Fifty-one years ago, the Passionists, a Roman Catholic order of priests headquartered in Rye Brook, decided to expand their ministry. The idea was to bring mass to those who couldn’t leave the house — the elderly, those with disabilities, and the housebound.
The medium was television.
“The owner of Channel 7 in New York City was Catholic, and he donated the studio and the production resources,” says Father Paul Fagan, the executive producer and host of The Sunday Mass.
Little did the Passionists know in the early ‘70s that there would be a pandemic in 2020 that would make most of our population housebound. Nor would they have foreseen the internet, streaming services, and, most specifically, something called YouTube.
“Our televised service always had a following but when COVID hit we had no idea how it would blow up,” Fagan says. “Some Sundays we had 70,000 and 80,000 views and we started to hear from people all around the world.”
Fagan didn’t expect the explosion of followers. It wasn’t that he didn’t believe in his production, it was something else and something that all YouTubers deal with: competition.
“During the pandemic, many parishes started to record mass and make it available on YouTube. I thought for sure that would take viewers away from our broadcast. As it turns out, the opposite happened,” Fagan says.
Most parishes didn’t have the capacity for a professional production. That meant they flipped open a laptop and used the built-in cameras and microphones. The result was usually a service that was hard to see and hear and one that didn’t translate to a computer screen or a television. Add in downtime while offertory collections were made during services and while the congregation proceeded to communion, and it was a clunky and awkward viewing.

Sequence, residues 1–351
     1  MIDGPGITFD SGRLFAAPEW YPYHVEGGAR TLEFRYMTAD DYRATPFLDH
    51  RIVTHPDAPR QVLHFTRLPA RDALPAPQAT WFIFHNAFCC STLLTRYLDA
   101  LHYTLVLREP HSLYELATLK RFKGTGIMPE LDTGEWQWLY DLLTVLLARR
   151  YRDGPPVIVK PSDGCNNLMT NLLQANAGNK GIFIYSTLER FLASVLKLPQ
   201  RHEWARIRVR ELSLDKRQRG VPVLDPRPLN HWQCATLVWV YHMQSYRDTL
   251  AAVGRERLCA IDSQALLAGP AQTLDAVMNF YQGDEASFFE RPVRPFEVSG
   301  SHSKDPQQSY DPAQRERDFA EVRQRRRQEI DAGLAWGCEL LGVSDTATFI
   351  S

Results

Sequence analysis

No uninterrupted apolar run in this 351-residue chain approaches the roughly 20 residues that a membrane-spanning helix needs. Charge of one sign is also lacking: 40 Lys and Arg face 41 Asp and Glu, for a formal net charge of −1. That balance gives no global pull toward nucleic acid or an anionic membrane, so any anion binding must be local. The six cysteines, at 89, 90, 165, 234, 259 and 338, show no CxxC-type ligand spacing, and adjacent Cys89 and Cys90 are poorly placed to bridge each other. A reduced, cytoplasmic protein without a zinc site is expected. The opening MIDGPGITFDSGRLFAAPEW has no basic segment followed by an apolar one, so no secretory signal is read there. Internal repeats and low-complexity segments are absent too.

“We wanted to create an almost virtual parish so viewers could feel at home and part of a unique congregation and not just a viewer of another’s mass.”
— Father Paul Fagan
“The Passionists made a decision based on our experience with producing a video mass. Instead of recording various congregations celebrating mass every week, we wanted to create an almost virtual parish so viewers could feel at home and part of a unique congregation and not just a viewer of another’s mass,” he says.
Fagan works with a professional production company so that the video is clear, the sound is professional quality, and the camera angles, lighting, and edits support the viewer’s experience. About a half dozen priests rotate as celebrants and many of the same lectors, servers, and musicians have remained the same for the last decade. It creates a feeling of familiarity and a kinship with the broadcast for those watching.
There are constraints brought on by the medium.
“The mass must be 28 and a half minutes long to fit in to the half-hour television schedules for the cable systems that broadcast it. We have to record between four and six masses at a time to keep production costs down, and because we make them so far in advance, we can’t always offer prayers based on current events,” Fagan says.
The Sunday Mass is recorded at the Immaculate Conception Church in Jamaica, Queens. To find out more about the broadcast, visit thesundaymass.org or contact the Passionists in Rye Brook at 914.738.3344.
Tom Schreck is a frequent contributor to Westchester Magazine and 914INC. He’s written profiles of Nick Spano, Tony Sayegh, and the area’s top business leaders, plus humor pieces on his dog, the DMV driving manual, and his Elvis-themed take on interior decorating.